Alberta’s weighted average Power Pool Price for August is currently $221.87/MWh. Relative to last week’s price of $159.88/MWh, this is an increase of $61.99/MWh or 38.7%. Price volatility has continued since picking up mid-month. The monthly price has continued to climb as every daily settle in the past week has surpassed $100/MWh, with daily prices of $487.90/MWh and $443.79/MWh occurring on the 15th and 16th, respectively. There was only one very short generator outage this week at Path 2.

The weighted average Hourly Ontario Energy Price (HOEP) is settling at 8.2¢/kWh so far for the month of August, representing a 0.5¢/kWh or 6.1% decrease over last week’s settle. The primary driver of this price decline is the decrease in demand across the province, causing the grid’s need for demand response to diminish. Natural gas-burning supply dropped by 11.1% (2,331MW) over the course of this past week. Baseload generation, such as nuclear, increased output to an average of 10,301MW, a 16.57MW or 0.2% increase compared to last week. Hydro-based generation, on the other hand, decreased output, falling 4.0% to an average of 4,044MW. Solar and biofuel increased week-over-week output (+3.1%; 107MW, +5.0%; 45MW, respectively), whereas wind generation fell (-23.5%, -819MW). With the first Global Adjustment estimated at 4.9¢/kWh, August’s total market price is settling at 13.1¢/kWh as of today.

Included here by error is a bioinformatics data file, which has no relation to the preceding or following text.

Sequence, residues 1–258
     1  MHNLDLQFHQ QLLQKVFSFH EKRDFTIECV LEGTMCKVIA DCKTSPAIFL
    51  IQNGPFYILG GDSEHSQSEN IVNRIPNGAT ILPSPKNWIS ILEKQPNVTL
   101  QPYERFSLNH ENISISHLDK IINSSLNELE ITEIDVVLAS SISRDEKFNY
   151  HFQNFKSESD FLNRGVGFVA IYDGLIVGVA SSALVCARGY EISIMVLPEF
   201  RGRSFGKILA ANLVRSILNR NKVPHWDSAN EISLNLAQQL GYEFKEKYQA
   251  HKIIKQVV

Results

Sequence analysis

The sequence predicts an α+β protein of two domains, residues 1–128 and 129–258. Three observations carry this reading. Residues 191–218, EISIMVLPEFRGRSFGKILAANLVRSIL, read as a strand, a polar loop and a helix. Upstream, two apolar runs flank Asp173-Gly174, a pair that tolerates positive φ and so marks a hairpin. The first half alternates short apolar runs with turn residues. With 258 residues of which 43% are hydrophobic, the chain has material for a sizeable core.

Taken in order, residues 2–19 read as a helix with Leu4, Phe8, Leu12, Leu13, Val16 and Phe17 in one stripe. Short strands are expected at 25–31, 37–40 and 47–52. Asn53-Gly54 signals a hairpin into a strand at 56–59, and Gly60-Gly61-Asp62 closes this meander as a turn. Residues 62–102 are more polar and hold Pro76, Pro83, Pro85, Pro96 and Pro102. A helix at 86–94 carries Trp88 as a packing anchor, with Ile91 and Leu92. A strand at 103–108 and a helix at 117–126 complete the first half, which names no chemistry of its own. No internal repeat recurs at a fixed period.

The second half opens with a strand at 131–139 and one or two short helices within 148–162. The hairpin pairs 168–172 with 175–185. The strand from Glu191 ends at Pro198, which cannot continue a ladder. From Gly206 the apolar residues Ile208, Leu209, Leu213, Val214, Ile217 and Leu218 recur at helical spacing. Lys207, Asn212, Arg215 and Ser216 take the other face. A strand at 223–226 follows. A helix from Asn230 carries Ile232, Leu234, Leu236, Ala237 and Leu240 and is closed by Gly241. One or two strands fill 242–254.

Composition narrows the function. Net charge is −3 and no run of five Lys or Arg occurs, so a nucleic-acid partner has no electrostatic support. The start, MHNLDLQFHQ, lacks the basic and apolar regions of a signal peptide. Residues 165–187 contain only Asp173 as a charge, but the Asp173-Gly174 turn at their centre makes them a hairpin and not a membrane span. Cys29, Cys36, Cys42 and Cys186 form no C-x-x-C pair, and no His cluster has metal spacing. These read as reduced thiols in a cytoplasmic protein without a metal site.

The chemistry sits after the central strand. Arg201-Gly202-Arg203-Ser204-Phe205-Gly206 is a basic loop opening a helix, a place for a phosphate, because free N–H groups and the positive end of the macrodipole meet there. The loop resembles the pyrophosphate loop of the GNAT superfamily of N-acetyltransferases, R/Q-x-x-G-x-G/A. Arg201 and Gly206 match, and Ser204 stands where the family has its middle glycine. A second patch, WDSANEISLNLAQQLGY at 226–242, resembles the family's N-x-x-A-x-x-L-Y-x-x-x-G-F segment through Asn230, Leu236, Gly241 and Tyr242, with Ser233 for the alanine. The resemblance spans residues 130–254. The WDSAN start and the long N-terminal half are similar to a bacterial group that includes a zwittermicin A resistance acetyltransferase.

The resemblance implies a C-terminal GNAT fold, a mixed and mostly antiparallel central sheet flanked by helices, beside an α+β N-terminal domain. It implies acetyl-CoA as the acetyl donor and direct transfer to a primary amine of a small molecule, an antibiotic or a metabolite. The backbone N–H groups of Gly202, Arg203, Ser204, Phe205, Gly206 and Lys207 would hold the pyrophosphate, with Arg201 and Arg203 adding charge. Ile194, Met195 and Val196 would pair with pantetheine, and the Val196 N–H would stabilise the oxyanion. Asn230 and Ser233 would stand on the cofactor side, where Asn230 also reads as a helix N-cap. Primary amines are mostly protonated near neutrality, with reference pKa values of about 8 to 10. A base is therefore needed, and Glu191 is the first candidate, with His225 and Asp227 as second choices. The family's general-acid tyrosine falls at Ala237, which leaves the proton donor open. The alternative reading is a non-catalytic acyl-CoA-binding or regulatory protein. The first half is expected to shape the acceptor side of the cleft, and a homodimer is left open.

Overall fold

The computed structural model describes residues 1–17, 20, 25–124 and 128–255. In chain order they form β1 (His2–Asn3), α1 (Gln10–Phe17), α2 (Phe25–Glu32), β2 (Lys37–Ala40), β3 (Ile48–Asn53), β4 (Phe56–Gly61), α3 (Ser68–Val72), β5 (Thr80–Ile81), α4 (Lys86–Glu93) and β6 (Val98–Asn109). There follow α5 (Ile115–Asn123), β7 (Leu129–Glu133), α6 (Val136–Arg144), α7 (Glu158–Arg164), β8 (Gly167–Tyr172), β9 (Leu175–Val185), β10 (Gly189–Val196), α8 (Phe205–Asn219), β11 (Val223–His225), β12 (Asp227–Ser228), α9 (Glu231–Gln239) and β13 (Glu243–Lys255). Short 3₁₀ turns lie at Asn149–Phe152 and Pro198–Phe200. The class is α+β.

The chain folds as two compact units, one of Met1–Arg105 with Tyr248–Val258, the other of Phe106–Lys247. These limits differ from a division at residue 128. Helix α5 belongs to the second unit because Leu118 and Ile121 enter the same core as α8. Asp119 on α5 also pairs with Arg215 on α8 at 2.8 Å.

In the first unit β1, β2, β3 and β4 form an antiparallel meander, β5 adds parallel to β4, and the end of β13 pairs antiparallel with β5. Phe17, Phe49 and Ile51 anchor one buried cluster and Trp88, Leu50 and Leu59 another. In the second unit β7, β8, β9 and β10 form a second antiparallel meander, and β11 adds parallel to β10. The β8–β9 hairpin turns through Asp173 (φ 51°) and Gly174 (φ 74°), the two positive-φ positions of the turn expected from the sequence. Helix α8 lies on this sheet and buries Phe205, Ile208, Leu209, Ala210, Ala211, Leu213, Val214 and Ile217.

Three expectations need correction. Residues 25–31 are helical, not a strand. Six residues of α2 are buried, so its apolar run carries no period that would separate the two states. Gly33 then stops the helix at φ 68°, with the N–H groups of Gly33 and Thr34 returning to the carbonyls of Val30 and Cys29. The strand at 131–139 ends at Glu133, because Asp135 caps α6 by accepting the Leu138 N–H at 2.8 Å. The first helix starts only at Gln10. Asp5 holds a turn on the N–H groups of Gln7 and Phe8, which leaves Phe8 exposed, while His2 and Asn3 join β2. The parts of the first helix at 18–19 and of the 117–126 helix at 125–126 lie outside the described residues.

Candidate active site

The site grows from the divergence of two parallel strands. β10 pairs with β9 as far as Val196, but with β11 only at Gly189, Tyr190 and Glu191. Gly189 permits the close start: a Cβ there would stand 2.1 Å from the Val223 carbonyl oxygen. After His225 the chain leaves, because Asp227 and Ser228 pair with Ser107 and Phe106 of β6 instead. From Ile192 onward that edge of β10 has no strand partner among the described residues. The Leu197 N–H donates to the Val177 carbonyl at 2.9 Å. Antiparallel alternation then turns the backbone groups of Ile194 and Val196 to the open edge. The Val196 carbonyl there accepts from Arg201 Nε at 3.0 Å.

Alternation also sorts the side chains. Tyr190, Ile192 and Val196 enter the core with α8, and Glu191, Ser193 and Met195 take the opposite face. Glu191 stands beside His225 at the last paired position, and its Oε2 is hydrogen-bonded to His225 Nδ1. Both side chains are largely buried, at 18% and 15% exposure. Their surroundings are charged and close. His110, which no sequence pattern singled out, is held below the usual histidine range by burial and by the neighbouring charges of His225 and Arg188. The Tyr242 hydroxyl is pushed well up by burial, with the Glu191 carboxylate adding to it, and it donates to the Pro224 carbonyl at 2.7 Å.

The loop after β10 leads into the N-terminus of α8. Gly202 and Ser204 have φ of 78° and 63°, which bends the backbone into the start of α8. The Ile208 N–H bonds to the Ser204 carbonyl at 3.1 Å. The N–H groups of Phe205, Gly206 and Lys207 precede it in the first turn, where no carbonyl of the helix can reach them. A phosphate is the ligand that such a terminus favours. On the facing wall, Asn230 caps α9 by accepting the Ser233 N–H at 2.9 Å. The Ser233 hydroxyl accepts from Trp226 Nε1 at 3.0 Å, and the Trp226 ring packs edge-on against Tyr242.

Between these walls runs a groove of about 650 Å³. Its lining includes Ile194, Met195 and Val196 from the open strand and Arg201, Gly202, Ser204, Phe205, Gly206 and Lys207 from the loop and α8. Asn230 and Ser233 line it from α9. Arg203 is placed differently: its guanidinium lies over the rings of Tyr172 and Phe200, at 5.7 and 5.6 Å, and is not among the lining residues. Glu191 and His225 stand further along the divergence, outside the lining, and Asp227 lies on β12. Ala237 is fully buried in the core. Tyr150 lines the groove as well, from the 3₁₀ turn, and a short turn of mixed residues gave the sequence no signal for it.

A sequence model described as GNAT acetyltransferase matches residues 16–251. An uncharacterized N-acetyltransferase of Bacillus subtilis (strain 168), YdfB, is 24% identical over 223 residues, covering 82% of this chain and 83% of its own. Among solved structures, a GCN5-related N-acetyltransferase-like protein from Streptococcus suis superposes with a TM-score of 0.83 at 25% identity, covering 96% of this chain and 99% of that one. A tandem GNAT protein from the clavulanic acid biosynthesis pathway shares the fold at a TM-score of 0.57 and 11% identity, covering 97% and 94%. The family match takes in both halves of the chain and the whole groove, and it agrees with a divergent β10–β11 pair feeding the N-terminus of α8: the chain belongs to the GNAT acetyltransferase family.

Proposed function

Looking at energy prices outside of Canada, monthly wholesale prices in Germany (in Canadian $) ranged anywhere from $0.04/kWh to $0.07/kWh from 2019 through to May 2021. Since last summer, when tensions over natural gas were heightened with Russia, electricity prices began to spike, ranging from $0.17/kWh to, most recently, $0.33/kWh. A few days ago, headlines were made when calendar year 2023 electricity forwards reached an astronomical $0.67/kWh! Germans have been advised to keep their thermostats below 19 degrees Celsius this winter. Their 2021 Renewable Energy Sources Act, which originally stipulated 65% of its energy would come from non-nuclear, renewable resources by 2030, has recently been upped to 85% and accelerated to triple speed. Regrettably, Germany will be retiring the last 3 of its 17 nuclear plants by the end of 2022 and, due to their strong reliance on what was once cheap Russian natural gas gone-wrong, they have refired up their coal-fired generation plants to keep the lights on. With world coal and natural gas prices at record highs, baseload prices for calendar years 2024, 2025 and 2026 aren’t looking much better at CAD$0.42/kWh, CAD$0.29/kWh and $0.23/kWh, respectively.

– Clara Birch, Energy Data Analyst / Ryan Cosgrove, Energy Data Analyst

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